5 Matching Annotations
  1. Dec 2018
    1. .

      This chapter establishes new characters and the suspense inherent to the convention of the marriage plot, which we have seen in all Austen novels thus far. Sidney Parker is introduced and appears to be a potential love interest for Charlotte, because she is our main female protagonist who has yet to meet a potential match (she clearly is not interested in Sir Edward or Arthur Parker.) Sidney is described as “seven or eight and twenty, very good looking with a decided air of ease and fashion and a lively countenance,” and is known to be single from the account of Mr. Parker. He is around the same age as Austen’s typical male love interests and although older than Charlotte, not by much. His introductions to her are described as “very well-bred” and “proper.” Although this information is largely the narrator’s perspective and Charlotte’s impression of him is not revealed, he seems like a contender in the potential marriage market Sanditon seems to suggest. Like other Austen love interests, he comes from outside of the original plot, later than other characters, similarly to Darcy’s introduction as a friend of Bingley’s in Pride and Prejudice. Also, he expresses opinions quite different from those of his family or the social circle to which he belongs. Earlier, Mr. Parker speaks of Sidney’s feelings towards his siblings and his propensity to ridicule their dramatic schemes and exaggerated illness. This and his relationship as brother to Mr. Parker, suggests a similar situation to the Knightley and Emma dynamic in Austen’s, Emma. However, Charlotte seems more like a Fanny Price character (Mansfield Park) than an Emma. Although she is more opinionated that Fanny, she is a quiet and observant character most of the time who has been minimally active in the plot thus far. Another reason to suppose their match is that Charlotte also rapidly recognizes the faults of the Parkers as hypochondriacs and sees through the schemes of Sir Edward Denham and Miss Denham. Her and Sidney seem at the very least, like they would be a compatible pair.

      Furthermore, in the latter half of the chapter, Charlotte sees Clara Brereton and Sir Edward speaking intimately by the water, clearly intending their conversation to be private. Although Clara Brereton seemed to reject his affection in discomfort earlier, she speaks to him “composedly” and they seem engaged in “gentle conversation.” This contrast in Clara’s behavior is quite suspicious and seems to suggest an actual connection between the two, which could be a secret engagement similar to that of Jane Fairfax and Frank Churchill in Emma. However the rivalry the Denham’s have with Clara over Lady Denham’s inheritance could play into this attachment. This suggests a potentially duplicitous and coercive match similar to that of Mrs. Clay and Mr. Elliot in Persuasion.

    2. .
        This chapter establishes familiar character dynamics that might elucidate the trajectory of the personas Austen presents in this unfinished text. The chapter begins with the introduction of Miss Esther Denham and Sir Edward Denham, a scheming sibling pair reminiscent of Mansfield Park’s The Crawfords and Northanger Abbey’s The Thorpes. Austen explicitly establishes the bald aim of the two to obtain wealth and status from advantageous matrimony, a characteristic that similarly mirrors the Crawfords and Thorpes. Sir Edward, in particular, resembles Austen’s past villainous men; throughout the Austen canon, coxcomb-esque behaviors are the cardinal sins of bachelors. Indeed, Willoughby, Wickham, Henry Crawford, Mr. Elton, Thorpe, and Mr. Elliot all receive biting characterizations by Austen, and thus, given the fates of these men in their respective novels, we can predict that Sir Edward is not the male love interest of this story.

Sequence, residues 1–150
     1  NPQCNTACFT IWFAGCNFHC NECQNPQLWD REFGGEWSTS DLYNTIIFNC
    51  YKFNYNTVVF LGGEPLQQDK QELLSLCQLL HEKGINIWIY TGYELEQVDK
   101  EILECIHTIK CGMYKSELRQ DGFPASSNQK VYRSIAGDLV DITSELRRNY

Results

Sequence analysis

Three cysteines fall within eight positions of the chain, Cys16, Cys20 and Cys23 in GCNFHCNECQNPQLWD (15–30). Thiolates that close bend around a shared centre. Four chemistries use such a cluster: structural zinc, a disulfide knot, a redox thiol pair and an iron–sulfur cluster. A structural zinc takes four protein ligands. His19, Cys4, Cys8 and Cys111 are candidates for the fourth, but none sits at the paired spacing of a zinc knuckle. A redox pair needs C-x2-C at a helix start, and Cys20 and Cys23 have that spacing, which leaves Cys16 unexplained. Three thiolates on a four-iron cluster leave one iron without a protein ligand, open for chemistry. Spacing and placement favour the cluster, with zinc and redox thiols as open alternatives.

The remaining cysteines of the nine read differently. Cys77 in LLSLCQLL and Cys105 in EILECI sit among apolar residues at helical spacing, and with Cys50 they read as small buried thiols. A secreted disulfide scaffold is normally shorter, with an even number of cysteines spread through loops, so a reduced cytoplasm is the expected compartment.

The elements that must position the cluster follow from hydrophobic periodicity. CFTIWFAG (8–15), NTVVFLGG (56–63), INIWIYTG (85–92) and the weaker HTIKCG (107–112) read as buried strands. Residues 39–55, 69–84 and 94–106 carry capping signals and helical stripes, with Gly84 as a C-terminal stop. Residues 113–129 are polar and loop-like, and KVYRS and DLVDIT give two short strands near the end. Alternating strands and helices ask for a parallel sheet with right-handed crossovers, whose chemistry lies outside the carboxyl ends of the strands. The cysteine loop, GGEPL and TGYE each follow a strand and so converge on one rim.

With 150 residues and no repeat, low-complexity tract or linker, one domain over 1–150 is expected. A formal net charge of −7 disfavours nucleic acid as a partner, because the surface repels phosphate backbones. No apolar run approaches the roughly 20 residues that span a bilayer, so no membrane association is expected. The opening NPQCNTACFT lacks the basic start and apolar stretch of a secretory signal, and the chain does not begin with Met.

Sir Edward’s dynamic with, and apparent longing for the affection of, Clara Brereton, additionally reverberate into the Austen canon in a meaningful way. Other Austen works present relationships between gentried men and pseudo-adopted young women; notably, Emma features Jane Fairfax and Frank Churchill’s secret engagement and Mansfield Park depict Henry Crawford’s arguably predatory pursuit of Fanny Price. These relationship both demonstrate wealth and class incongruities as interpersonal complications. Further, these dynamics are also characterized by the ignorance of other characters to the details of the relationship. Therefore, we cannot know from this unfinished account of Charlotte’s observations if Clara Brereton is a Fanny Price or a Jane Fairfax; we cannot fully know if the behaviors and dispassion Charlotte Heywood witnesses are evidence of a painful resistance to unwanted advances or red herrings to disguise an intimacy. Since speculation is the nature of this activity, however, it is notable that in both Mansfield Park and Emma, outside perceptions of the aforementioned relationships were incorrect. Therefore, paradoxically, Charlotte’s perception of Clara’s distaste for Sir Edward might in fact evince a returned affection and eventual marriage between the two. 
      
    3. Links to common words/themes throughout the annotations

    4. Miss Charlotte Heywood

      and so the marriage plot begins and the heroine is born.... I suspect

  2. Sep 2015